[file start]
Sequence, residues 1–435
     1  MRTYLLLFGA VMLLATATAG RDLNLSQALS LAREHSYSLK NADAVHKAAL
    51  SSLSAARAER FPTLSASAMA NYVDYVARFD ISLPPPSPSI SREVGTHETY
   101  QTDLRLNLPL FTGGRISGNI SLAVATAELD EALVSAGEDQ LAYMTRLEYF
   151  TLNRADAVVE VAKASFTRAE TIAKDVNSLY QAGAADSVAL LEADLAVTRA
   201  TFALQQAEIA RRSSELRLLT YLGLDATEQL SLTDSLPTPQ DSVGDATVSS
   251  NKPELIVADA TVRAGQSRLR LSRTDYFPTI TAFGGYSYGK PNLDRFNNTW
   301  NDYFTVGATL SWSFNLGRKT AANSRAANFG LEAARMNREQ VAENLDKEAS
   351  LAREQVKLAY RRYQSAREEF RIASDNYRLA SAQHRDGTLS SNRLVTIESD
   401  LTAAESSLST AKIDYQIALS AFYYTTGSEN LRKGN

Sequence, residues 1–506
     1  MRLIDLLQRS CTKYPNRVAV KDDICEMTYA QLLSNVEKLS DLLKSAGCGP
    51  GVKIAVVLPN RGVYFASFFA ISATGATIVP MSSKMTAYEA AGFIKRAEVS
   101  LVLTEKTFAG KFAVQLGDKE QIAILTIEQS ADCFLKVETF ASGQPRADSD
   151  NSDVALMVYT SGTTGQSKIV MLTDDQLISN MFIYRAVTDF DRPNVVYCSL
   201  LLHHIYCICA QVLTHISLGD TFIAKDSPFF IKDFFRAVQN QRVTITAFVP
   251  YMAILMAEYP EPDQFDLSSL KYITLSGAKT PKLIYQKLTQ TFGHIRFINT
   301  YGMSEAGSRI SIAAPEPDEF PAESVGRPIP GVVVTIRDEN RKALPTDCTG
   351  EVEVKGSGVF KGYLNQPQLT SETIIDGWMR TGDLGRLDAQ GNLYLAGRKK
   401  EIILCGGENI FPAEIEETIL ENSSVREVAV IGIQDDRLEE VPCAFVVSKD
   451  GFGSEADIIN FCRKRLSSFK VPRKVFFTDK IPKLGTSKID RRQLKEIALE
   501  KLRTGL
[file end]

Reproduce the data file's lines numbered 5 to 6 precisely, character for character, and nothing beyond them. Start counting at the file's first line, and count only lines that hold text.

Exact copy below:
   151  TLNRADAVVE VAKASFTRAE TIAKDVNSLY QAGAADSVAL LEADLAVTRA
   201  TFALQQAEIA RRSSELRLLT YLGLDATEQL SLTDSLPTPQ DSVGDATVSS